This 5th week of teaching all piano lessons online has been a real turning point and where I can see who is thriving and who is not.  Most of my students are now so comfortable working on Facetime and Skype that they are making real progress.  So much so that we are ready to host 3 virtual recitals next week on the Zoom platform that allows multiple users to share screen time together in a group.  By now, our studio would have hosted one of our major large recitals of the year.  So, not only will students perform in real time, albeit online, I am going to use my non-individual lesson teaching time this coming week, which would have been our spring vacation week from school, to put together a video of all of our students performing a newly learned work that will be posted on our private You Tube channel for all of my families to watch.  It is really important to have specific goals of achievement, just like we have during our regular piano semesters.  Students are excited to share and perform on Zoom.  And they are very pleased that we will have a permanent video record of their playing…something we have not done before as a whole group.  Parents often video record their individual students in performance.  But now we will have a presentation of the entire studio.  I’m planning on using some fancy video editing tools to create a movie that is as visually interesting to watch as much as to listen to.  We’ll see if my new-fangled video skills can stand up to the test!  Fingers crossed!

 

But not all students are thriving in online lessons.  The very young are having a difficult time.  It seems that students in elementary grades truly thrive on interpersonal connections; the warmth of a voice, a ready smile and body language that is easy to understand and that provides immediate feedback.  While teaching online, I try to speak slower so that I can be understood.  I use letter blocks, hand gloves and numbered dice to indicate clearly that we are talking about a “C” versus a “D” or “right hand” versus the “left hand” or the finger number “Four” versus finger number “Five.”  One blip of the screen can mean that the student does not hear your reference point and 5 minutes of ensuing miscommunication can eat away at valuable lesson time.  Learning to count octaves up from the bottom of the piano and to count measures has been a critical skill to teach and learn.  Fortunately, we can see ourselves teaching as well as seeing out students at their piano, which is a wonderful reminder to make sure our facial expressions are larger and thus, easily understood.  But young students, as much experience they have playing games on screens, seem to not feel our communication as much.  They hit a dead spot, like a bird flying into a window they cannot see, and lessons may not be as much fun as before.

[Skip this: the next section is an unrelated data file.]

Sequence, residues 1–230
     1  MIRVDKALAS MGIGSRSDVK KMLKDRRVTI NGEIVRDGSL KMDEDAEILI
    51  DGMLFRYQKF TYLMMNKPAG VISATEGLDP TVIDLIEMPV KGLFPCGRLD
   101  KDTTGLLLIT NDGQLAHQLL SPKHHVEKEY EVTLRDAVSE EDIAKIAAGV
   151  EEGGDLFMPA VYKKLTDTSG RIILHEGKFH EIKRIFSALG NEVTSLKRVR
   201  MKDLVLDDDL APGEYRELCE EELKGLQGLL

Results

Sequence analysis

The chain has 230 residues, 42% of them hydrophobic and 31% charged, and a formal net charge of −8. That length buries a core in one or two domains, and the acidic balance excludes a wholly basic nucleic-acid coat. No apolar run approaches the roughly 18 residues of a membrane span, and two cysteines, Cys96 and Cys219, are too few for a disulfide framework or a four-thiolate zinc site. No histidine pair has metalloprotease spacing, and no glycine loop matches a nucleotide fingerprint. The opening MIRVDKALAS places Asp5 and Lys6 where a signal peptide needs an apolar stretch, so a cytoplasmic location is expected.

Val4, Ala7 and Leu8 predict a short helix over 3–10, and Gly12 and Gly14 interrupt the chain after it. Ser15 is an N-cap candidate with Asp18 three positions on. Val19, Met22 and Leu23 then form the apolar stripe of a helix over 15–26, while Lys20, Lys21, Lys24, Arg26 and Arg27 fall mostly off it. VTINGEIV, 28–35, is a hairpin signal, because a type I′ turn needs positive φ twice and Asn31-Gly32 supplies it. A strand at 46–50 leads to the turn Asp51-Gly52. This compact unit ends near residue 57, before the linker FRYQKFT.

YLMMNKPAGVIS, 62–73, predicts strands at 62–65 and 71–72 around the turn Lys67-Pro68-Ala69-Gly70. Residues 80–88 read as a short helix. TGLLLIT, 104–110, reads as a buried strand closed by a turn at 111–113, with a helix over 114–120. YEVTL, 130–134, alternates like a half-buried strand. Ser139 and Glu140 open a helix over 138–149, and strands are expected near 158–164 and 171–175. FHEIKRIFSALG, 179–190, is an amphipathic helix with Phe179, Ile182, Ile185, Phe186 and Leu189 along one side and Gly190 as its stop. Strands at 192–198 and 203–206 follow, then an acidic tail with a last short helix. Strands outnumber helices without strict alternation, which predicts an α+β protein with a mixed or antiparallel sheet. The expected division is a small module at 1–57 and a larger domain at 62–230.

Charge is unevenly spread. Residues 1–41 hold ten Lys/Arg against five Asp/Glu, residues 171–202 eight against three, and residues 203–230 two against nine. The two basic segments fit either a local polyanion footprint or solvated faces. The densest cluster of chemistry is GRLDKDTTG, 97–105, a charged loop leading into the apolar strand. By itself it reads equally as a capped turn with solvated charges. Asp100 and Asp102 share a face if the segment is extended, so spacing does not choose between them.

So, it’s not just as simple as getting the right “set up” for teaching online.  It’s not just making sure you have copies of all of your student’s music.  Something is missing and for some students, it can be detrimental.  So, the next problem solving going forward will be how to make sure everyone stays engaged.  It is amazing how much my middle school and high students are thriving with the necessity now of being more independent in their lessons and practice…taking their own notes. Checking off their memory list pieces.  Writing in pieces learned onto their 30 lists.  And with extra time at home and fewer activities to divert their attention, energy and focus, I’m hearing some of the best piano playing of the year.  But it is back to the drawing board for me still.  Maybe I’ll go watch old episodes of Mr. Rogers and Sesame Street.  Fred and Elmo were always able to make it seem like they were in our living room, for everyone, all the time.